Don’t allow agents tell you what is or is not structural. Everything is structural. Watch out for that clause in the sales contract!      

The word “DEFECT”
According to Webster Dictionary, the definition of defect is: “shortcoming, imperfection, want of something necessary for completeness.”

Don’t allow yourself to be a party to a contract that defines defect. Strike the word DEFECT from the contract. You should know what a defect is but if you don’t, you will certainly find out spending your hard earned cash. Watch out for that clause in the sales contract!      

Property Use and Abuse
Watch out for any contract that forces you to accept used and abused property. Cosmetic repair is very costly and should be given serious consideration before signing the contract. If not, it’s possible that after closing you will end up paying $12,000+ to paint the interior of a house, $10,000+ to replace a worn out roof,  $6,000-$10,000+ to sand and refinish solid wood floors and so forth. Why sign a contract that forbids you to require these items to be repaired or replaced? 

Do not allow an agent to tell you that you cannot ask for repair or replacement of worn out items. If you don’t ask for worn and abused items to be fixed or replaced, why are you having the home inspected? Some contracts may use the terms “normal use and abuse” while others may call it “wear and tear.” Watch out for that clause and STRIKE it from the sales contract!      

Refusal to Accept Responsibility

Be aware that some real estate agents will include a Refusal to Accept Responsibility clause (some contracts may use the word disclaimer) in the contract. The clause states that you are not to depend on anything agents say to you in confidence. Look for, read, and understand the Refusal to Accept Responsibility or Disclaimer clause in the contract. It is buried deep in pre-printed contracts used by real estate agents and is seldom read or understood, and agents never mention it. By including that clause, the agent in essence is saying; DON’T BELIEVE ANYTHING I TELL YOU.  STRIKE this clause from the contract.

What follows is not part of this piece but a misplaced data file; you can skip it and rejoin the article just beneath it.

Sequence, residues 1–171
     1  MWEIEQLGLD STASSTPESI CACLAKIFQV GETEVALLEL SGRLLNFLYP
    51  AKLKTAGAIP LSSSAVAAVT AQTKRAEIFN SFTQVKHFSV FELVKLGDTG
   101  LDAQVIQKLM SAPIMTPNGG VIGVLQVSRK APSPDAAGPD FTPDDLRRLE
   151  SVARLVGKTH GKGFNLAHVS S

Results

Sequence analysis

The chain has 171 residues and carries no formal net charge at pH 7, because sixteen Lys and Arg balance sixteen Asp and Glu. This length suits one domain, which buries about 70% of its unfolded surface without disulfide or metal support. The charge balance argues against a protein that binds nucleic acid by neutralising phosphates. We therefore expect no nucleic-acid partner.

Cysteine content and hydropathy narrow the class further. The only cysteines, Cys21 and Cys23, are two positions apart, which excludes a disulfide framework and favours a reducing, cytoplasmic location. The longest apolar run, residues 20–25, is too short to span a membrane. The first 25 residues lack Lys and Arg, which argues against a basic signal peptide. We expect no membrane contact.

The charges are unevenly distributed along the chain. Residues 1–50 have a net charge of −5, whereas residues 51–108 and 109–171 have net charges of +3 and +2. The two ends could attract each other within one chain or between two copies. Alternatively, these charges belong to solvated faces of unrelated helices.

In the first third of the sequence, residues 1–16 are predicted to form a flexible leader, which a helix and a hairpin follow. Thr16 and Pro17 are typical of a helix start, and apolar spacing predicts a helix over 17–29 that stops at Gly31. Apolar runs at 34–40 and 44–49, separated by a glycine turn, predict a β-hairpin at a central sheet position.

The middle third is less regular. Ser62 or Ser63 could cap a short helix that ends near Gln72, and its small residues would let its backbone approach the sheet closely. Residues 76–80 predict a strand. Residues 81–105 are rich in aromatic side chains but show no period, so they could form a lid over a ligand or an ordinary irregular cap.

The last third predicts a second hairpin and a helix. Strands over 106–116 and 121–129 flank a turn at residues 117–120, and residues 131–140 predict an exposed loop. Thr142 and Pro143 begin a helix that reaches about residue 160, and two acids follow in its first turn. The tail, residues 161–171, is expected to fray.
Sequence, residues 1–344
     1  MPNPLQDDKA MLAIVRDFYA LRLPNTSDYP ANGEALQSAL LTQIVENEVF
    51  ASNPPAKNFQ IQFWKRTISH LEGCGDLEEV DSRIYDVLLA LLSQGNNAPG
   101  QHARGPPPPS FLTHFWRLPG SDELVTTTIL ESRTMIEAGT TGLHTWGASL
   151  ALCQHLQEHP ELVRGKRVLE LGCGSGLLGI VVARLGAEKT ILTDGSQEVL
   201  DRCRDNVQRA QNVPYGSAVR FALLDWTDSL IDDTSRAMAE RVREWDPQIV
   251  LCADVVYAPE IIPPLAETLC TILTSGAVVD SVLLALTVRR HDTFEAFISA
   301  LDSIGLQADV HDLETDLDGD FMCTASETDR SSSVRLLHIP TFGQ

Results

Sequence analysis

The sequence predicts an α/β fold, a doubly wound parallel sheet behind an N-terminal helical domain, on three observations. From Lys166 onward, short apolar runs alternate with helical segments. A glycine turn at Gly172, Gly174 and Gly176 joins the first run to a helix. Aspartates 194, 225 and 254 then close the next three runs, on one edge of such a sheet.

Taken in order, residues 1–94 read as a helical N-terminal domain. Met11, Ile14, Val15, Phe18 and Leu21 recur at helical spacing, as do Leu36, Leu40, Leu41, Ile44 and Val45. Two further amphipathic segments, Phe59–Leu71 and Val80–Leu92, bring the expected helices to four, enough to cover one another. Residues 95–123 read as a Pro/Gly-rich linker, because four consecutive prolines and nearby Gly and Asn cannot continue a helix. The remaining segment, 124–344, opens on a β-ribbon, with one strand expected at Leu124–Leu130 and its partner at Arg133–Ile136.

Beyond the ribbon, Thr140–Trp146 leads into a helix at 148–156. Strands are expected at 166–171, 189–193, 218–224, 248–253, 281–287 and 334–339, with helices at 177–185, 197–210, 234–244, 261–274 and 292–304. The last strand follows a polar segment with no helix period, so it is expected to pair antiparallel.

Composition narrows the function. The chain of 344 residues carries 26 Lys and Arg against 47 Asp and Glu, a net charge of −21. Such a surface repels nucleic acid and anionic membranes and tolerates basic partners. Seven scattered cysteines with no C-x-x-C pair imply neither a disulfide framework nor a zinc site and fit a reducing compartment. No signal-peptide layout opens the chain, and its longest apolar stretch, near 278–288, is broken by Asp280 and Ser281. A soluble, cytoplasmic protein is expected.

Buyers Broker
The Buyers Broker concept is nothing more than bait on a hook.  It’s a clever idea real estate agents have come up with to win your confidence. Once you sign that contract, you’re stuck with that agent whether you like it or not.

Consider this: The seller pays the Buyers Broker commission fee. So who is the Buyers Broker really working for? Doesn’t Georgia Real Estate Law require real estate agents to represent the person paying their commission fee?

Don’t believe anything the agent has to say. Get answers yourself and write your  own purchase contract or hire an attorney to write it for you.

Don’t think that contracts are written with the homebuyers’ interest in mind. They are written to benefit sellers and enormous commission fees paid to real estate agent.

Beware of that toothy smile. It sells a lot of bad houses and misery after the sale.

“The law does not require sellers to disclose every past repair made to their home, rather, they must inform potential buyers of current defects of which they are aware.”
        Ainsworth v Perreault, 254 Ga. App. 470,563 S.E.2d 135 (Ga. App. 2002), from the Superior Court of Fulton County, GA.

Jeff Pope Home Inspections, Inc.® - Copyright 2009 - All rights reserved.
Nothing on this website is to be taken as legal advice, contact your attorney for legal representation.